The key to any US bankruptcy reorganization is the debtor in possession (DIP) financing.  Most business driven bankruptcies of large public corporations rely on banks lending more money to the business so it can continue operating.  In exchange for the court moving the banks all the way up the creditor chain to a first payout position, the banks loan at high interest to the bankrupt.  It is the typical way of avoiding liquidation.
             Reorganization is the process of a company and its creditors wiping out the equity holders and many of the creditors accepting equity in exchange for their debt.  In essence, the creditors become shareholders in a new company that has shed much of its debt and is able to compete in the marketplace.  The alternative is liquidation – all the assets of the company are sold and creditors, employees, and trade creditors receive pennies on the dollar.  If there is no viable business, if the company is selling buggy whips, then liquidation is the only option.  But if there is a viable business, reorganization ultimately yields more for everyone.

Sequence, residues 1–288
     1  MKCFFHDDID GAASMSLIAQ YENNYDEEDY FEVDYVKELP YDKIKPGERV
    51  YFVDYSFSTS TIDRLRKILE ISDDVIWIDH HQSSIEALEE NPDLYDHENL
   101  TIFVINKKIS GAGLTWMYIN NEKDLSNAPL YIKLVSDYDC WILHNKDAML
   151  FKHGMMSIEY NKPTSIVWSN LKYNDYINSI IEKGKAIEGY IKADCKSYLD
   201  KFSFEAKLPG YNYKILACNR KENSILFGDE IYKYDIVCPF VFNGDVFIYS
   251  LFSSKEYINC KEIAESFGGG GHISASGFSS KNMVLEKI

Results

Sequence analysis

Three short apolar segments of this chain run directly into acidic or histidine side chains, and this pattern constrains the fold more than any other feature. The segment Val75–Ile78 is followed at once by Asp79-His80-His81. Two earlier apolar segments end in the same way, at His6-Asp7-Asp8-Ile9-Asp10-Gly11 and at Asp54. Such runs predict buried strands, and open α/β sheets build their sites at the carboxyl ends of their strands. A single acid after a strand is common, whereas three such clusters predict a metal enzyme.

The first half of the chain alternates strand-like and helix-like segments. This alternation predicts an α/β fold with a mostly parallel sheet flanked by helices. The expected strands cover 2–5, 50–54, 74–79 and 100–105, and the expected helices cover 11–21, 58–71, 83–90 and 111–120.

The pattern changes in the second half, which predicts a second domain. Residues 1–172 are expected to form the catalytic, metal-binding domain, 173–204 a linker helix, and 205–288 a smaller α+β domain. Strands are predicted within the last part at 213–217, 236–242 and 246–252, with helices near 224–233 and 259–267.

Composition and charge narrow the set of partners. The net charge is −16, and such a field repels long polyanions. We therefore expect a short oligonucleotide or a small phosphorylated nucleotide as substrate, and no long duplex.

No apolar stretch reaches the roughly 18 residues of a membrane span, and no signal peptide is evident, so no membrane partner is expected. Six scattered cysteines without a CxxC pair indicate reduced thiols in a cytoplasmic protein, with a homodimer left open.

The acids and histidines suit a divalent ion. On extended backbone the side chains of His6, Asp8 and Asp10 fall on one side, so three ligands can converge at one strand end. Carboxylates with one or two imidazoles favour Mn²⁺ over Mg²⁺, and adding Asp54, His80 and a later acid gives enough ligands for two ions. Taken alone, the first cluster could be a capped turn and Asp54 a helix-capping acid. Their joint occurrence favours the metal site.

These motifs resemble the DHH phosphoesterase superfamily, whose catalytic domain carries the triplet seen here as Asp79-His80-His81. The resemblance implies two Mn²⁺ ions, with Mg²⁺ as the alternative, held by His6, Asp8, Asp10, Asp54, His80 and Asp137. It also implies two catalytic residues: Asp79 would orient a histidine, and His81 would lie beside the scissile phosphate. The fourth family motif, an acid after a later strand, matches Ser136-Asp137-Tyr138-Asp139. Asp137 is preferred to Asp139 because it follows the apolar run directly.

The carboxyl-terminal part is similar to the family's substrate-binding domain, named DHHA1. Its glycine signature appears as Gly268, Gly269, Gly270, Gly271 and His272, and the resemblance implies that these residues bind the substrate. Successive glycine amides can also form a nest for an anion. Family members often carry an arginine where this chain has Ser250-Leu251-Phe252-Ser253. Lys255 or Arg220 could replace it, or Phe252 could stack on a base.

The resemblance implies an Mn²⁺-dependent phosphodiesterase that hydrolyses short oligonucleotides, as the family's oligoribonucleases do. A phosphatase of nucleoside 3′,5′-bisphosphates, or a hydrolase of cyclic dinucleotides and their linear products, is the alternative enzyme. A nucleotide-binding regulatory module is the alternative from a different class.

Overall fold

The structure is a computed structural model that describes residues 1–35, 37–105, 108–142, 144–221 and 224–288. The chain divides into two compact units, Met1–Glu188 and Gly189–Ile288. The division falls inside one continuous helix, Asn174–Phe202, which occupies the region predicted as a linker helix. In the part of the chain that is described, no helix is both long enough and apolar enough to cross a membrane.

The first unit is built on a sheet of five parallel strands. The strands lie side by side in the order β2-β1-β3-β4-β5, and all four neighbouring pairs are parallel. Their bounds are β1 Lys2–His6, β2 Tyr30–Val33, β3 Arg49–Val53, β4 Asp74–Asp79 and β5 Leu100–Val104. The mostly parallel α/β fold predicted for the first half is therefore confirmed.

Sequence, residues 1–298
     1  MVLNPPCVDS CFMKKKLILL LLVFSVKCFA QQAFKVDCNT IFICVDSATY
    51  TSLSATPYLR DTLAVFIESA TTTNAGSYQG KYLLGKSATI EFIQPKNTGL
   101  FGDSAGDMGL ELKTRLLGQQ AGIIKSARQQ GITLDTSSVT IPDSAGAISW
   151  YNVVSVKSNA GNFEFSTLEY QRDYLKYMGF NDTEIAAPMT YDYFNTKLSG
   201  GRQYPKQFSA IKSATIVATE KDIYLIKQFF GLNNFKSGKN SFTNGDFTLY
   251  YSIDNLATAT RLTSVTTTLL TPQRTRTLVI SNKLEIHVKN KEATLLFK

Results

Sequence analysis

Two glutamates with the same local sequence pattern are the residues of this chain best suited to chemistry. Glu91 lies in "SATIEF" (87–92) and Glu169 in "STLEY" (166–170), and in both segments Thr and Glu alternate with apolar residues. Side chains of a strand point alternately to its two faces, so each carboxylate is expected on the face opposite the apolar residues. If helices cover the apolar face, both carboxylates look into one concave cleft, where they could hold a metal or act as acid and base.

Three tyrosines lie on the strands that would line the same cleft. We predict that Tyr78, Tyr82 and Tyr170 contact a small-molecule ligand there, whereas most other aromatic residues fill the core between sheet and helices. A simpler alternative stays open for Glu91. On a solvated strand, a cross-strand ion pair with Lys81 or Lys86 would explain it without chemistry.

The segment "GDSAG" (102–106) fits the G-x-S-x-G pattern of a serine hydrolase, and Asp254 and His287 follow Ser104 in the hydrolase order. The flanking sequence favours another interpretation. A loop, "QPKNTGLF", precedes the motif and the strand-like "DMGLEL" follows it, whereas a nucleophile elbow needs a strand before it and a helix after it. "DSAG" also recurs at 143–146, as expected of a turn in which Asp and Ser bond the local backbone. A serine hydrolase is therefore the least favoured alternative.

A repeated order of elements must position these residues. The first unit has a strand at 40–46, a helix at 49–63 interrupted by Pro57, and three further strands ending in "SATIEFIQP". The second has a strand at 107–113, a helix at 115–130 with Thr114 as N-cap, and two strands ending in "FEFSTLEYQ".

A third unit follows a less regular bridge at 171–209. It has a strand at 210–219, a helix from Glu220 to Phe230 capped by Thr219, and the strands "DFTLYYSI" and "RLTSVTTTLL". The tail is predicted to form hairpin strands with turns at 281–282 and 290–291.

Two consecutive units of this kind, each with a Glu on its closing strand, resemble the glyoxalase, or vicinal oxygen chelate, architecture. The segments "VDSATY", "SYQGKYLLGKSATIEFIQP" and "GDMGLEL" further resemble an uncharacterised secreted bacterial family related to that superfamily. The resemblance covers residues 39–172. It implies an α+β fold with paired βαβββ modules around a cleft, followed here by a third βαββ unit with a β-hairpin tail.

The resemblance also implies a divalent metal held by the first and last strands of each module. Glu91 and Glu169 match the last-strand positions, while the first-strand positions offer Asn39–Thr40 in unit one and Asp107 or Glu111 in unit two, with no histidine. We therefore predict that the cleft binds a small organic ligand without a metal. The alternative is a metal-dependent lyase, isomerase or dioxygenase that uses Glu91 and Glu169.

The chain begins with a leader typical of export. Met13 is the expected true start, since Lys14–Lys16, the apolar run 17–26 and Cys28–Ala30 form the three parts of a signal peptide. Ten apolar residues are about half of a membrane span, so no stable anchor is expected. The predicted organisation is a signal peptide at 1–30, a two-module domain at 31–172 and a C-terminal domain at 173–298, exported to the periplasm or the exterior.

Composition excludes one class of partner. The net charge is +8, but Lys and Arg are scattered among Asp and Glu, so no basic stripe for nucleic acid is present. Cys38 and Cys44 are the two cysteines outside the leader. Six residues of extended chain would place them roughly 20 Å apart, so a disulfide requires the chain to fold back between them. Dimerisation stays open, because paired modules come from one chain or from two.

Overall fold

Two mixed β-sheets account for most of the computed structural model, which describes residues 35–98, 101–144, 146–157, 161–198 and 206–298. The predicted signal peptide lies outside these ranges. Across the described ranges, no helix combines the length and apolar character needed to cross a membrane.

But the Great Recession almost destroyed our carefully constructed plan.  As we moved through the process to emerge from bankruptcy in September and October of 2008 the credit markets froze.  Our DIP lender became nervous and our new post-bankruptcy lenders even more nervous.  It was only through the extraordinary efforts of some of our existing bondholders that the deal closed as the financial world collapsed around us.